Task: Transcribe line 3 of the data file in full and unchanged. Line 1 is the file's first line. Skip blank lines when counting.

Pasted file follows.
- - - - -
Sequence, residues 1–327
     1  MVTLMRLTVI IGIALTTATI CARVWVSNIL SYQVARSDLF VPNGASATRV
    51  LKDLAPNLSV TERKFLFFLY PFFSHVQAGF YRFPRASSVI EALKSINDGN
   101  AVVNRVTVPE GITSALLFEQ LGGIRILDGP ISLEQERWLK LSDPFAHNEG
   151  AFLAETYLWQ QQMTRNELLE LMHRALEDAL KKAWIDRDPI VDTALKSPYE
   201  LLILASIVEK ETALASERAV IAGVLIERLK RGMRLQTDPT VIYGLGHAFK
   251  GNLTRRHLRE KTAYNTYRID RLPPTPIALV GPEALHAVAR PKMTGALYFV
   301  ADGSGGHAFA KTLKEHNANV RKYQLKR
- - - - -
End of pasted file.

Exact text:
    51  LKDLAPNLSV TERKFLFFLY PFFSHVQAGF YRFPRASSVI EALKSINDGN